Herbert Hall Brut 2013 - I didn’t note the exact percentages of each variety of grape but this was my show stopper. Open aroma of crisp apple, pear and watermelon, combined with seductive emerging autolytic character. To taste is alive, young and dancing. Great structure, rich, complex flavours carrying over from the aromas but really pronounced on the palate. Also, the half bottle-pocket-size is very cool (much more so than hip flask!).
To summarise in brief, these are great sparklers and well worth getting hold of. Of course, small production means stock limitations, but with years like 2018 beefing up the volume, and an increasing number of variable quality wines hitting the market, make sure Herbert Hall is on your English hit list.
*Special thanks to Toby and Kate for arranging/inviting, and a huge thank you to Nick and Kirsty for receiving us.
Stockists include Harrods, Fortnum & Mason and Lea & Sandeman
London restaurant and bar listings include Le Caprice, Langan's, The Ivy, J.Sheekey, 67 Pall Mall Club, Annabel's Nightclub, and others
Find out more about Herbert Hall on their website.
Discord in Odesa; pruning at Shabo goes on!
Last week a picture was posted on Twitter of vines in Shabo, a large estate that lies to the west of Odesa on southern Ukraine’s Black Sea coastline. The image seemed benign at face value but the reality, of course, is that the city of Odesa has been bracing itself for attack by Russian forces.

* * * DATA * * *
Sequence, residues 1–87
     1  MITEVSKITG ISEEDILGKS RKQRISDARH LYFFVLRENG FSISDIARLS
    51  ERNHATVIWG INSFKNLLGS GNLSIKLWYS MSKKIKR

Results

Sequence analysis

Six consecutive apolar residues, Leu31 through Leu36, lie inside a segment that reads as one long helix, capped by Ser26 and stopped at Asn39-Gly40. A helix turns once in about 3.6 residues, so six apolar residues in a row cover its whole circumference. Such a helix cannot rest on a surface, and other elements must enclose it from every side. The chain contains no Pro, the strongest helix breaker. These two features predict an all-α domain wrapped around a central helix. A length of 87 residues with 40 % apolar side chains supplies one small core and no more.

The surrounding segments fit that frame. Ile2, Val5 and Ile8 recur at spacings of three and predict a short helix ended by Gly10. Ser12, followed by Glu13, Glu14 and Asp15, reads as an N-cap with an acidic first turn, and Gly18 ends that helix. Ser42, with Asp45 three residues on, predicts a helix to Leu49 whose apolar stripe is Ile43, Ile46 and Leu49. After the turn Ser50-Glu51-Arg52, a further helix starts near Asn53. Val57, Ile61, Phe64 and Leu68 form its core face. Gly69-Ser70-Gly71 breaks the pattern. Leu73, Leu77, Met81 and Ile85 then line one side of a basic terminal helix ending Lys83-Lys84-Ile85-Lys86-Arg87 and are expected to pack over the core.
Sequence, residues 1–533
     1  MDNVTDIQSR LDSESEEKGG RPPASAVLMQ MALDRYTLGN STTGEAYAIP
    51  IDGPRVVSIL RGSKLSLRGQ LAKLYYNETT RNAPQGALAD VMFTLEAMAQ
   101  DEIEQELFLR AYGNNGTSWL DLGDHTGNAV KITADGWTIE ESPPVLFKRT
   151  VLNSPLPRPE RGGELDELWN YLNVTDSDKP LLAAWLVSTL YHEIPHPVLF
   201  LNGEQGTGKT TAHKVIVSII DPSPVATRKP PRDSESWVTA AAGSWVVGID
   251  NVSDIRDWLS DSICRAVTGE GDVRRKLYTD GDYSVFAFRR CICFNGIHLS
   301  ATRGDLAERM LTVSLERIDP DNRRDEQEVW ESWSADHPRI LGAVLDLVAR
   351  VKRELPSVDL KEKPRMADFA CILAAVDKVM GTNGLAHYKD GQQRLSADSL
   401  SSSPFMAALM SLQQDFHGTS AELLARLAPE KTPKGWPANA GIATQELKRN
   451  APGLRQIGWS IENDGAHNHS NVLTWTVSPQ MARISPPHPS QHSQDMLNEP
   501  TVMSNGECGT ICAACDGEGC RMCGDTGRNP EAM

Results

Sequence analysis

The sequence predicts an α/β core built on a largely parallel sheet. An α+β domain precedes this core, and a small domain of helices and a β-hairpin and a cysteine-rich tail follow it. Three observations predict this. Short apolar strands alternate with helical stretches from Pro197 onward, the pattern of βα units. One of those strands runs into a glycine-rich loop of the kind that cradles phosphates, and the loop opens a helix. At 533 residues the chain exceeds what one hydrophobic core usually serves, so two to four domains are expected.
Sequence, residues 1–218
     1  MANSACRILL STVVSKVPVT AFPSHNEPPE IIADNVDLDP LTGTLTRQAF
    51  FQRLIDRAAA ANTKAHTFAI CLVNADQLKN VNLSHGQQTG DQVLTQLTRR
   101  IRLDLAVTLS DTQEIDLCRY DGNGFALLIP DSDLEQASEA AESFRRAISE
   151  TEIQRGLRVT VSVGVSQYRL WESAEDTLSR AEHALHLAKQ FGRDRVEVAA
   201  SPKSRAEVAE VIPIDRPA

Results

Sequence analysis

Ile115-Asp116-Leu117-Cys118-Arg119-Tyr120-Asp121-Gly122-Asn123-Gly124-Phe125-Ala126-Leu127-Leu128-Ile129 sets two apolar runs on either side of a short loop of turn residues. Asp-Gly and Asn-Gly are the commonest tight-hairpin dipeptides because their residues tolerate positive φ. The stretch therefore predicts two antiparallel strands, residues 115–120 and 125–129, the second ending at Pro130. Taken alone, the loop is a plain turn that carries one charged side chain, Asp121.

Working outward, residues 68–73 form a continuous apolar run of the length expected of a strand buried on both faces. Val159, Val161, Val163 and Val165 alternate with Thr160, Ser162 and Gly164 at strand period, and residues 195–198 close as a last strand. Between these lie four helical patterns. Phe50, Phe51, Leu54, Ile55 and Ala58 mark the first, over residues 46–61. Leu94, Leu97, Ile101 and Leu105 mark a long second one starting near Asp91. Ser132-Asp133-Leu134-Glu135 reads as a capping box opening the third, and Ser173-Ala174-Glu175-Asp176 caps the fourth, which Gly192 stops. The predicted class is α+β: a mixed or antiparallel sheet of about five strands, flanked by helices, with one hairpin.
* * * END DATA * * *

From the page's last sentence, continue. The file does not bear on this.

An aperitif by the coliseum
As COVID-19 conspires with the grimmest of winds and rain to force a societal retreat behind our own front doors, the word ennui springs to mind. The muddle of displeasure is pierced when Natalia hands me a large bulbous glass of a liquid I do not recognise.
Artichoke pasta and very fine Pigato
Britain’s lamentable exit
On the eve of Britain’s official departure from the EU, my partner and I decided to explore a small town on the Italian Riviera where thewintry cold doesn’t feel so much like cold war bite.
I had warned my significant other that I would be having an inverse departure party, a release of the sanity valve if you like!
Soave: volcanic wines with elegance and longevity
Sitting inside the ancient castle walls inside the town of Soave, a short drive from Verona in northern Italy, the unique slightly almond aroma of the indigenous grape, Garganega, rises gently from my glass. The castle sprawls up the side of an extinct volcano that gives the region its variant soil structures that mark out the better quality of Soave wines.
An American In Paris; Tanisha Townsend (@GirlMeetsGlass) discusses podcasts, Paris wine bars, & what she's drinking at the moment
Tanisha Townsend decided to move to Paris 4 years ago after regularly passing through the city en route to the world’s most famous vineyards. In fact, it was about 2 years ago at the Printemps de Champagne Bouzy Rouge tasting in Reims that I saw (who we shall now refer to as) GirlMeetsGlass chirpily speaking to her web followers on Snapchat.
Wine tasting in Galicia: The pilgrims search for Albarino
The cathedral in Santiago de Compostela, the final resting place of Saint James, rises out of the landscape, infested with antiquity. The rambling steep streets give way to shafts of dramatic light, emblazoned chapels, and tightly packed tapas bars, dusty, as old novels pressed together in antiquarian bookshops.